The prehistoric saga continues in Zan-Gah and the Beautiful Country, the sequel to the award winning Zan-Gah: A Prehistoric Adventure. In this story, Zan s troubled twin brother, Dael, having suffered greatly during his earlier captivity, receives a ruinous new shock when his wife suddenly dies. Disturbed and traumatized, all of his manic energies explode into acts of hostility and bloodshed. His obsession is the destruction of the wasp men, his first captors, who dwell in the Beautiful Country. When he, Zan-Gah, and a band of adventurers trek to their bountiful home, they find that all of the wasp people have died in war or of disease. The Beautiful Country is empty for the taking, and Zan s people, the Ba-Coro, decide to migrate and resettle there. But the Noi, Dael s cruelest enemies and former tormentors, make the same migration from their desert home, and the possibility develops of contention and war over this rich and lovely new land.While I really enjoyed reading Zan-Gah: A Prehistoric Adventure, I absolutely loved Zan-Gah and the Beautiful Country. This book was just amazing, from the development of the characters, to the writing, and the story just completely drew me in from the first page.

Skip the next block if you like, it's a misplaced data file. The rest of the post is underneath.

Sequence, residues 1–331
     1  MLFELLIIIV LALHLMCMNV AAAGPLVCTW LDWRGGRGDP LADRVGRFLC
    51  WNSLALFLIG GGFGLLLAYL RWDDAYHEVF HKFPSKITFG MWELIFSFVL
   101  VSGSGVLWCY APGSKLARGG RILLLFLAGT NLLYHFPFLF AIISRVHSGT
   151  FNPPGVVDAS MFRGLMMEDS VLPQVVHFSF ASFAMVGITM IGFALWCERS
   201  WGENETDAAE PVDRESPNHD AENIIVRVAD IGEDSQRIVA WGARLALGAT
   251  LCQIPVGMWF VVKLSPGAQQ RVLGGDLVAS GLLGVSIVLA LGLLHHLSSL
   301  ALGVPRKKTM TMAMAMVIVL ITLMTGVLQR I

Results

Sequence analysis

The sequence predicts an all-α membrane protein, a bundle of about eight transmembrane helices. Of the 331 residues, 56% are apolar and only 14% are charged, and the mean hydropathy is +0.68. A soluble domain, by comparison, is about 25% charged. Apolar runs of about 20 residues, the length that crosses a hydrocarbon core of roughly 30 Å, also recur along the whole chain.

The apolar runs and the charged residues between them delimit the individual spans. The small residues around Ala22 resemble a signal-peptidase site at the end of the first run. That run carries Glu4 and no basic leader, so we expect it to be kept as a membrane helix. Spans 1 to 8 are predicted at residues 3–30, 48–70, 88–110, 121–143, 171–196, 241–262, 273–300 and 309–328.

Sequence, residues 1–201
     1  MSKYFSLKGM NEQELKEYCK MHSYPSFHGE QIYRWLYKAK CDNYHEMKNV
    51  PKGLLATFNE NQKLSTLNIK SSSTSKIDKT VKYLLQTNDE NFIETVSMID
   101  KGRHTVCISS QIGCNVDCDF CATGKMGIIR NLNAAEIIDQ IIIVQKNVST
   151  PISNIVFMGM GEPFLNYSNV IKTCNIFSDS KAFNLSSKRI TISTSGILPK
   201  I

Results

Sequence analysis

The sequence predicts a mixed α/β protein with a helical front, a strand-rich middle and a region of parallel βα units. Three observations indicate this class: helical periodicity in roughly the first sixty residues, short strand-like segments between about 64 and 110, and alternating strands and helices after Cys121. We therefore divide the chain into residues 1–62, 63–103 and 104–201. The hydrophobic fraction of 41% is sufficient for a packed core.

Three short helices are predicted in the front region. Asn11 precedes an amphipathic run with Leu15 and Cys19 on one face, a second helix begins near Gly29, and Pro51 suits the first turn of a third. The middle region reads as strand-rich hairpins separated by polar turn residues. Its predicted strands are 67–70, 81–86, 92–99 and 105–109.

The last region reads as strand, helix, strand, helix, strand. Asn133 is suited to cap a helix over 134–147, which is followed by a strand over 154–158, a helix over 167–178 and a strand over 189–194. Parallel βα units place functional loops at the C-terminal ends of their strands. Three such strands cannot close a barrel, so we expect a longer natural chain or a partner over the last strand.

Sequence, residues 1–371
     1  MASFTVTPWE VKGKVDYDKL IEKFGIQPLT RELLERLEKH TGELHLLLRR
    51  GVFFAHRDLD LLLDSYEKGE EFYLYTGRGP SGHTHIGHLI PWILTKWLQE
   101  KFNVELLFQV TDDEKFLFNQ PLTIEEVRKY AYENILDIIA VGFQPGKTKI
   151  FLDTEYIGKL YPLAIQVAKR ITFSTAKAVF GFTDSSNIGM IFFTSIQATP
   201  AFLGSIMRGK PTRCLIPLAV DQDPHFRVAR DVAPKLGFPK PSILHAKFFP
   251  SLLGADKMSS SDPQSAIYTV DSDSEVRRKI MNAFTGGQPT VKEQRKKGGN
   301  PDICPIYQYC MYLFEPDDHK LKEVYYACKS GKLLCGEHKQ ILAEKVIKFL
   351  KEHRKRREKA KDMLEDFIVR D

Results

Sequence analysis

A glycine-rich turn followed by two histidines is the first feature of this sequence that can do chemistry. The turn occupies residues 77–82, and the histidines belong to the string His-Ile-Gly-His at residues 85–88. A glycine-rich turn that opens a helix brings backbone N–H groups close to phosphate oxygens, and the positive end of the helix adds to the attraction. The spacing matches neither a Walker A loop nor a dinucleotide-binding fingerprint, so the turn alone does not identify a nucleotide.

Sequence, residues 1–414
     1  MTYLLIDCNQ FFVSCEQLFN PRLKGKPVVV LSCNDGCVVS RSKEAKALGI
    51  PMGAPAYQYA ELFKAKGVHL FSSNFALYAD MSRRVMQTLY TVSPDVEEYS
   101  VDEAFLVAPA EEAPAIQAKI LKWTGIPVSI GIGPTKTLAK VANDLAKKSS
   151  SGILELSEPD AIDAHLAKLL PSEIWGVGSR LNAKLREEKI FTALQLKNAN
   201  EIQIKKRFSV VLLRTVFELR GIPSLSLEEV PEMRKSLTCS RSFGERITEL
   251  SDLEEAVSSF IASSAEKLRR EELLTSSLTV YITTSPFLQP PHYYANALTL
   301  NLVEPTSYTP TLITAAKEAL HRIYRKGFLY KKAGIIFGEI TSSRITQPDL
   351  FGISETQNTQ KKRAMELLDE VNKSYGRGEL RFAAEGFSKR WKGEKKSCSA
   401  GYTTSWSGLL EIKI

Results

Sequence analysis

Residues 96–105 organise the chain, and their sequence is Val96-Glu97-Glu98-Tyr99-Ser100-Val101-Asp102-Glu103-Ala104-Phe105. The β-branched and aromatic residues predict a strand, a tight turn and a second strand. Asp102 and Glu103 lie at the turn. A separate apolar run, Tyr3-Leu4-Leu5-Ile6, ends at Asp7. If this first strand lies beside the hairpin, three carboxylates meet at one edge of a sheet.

I think the reason I liked this one more was because there was even more tension between Zan and his brother Dael.
I’m quite surprised to say that Zan-Gah and the Beautiful Country might just be one of my favorite books that I have read this year. I liked the writing a lot more in the sequel; it might just be that I was used to the “voice of god” narration, but I thought it flowed a little more than the first book.
My favorite part of this book would have to be the confrontation between Zan and Pax (his wife); over his feelings for Lissa, it was just so dramatic. Yet, it was done in a way that made you feel for Pax (who loved him, yet who wasn’t about to stand around and let things continue on as they were, leaving her as the Zan’s second choice), but you also felt bad for Zan. It’s complicated, but that’s what it made it so interesting.
Since it picks up right where the first book left off, I don’t really have any part of the book that I can peg as my least favorite.
Final Verdict on Zan-Gah and the Beautiful Country: I think that it’s a great series to give to a reluctant reader because it will (in all likelihood) draw them in as it drew me in.
Zan-Gah and the Beautiful Country earns 5 out of 5 pineapples.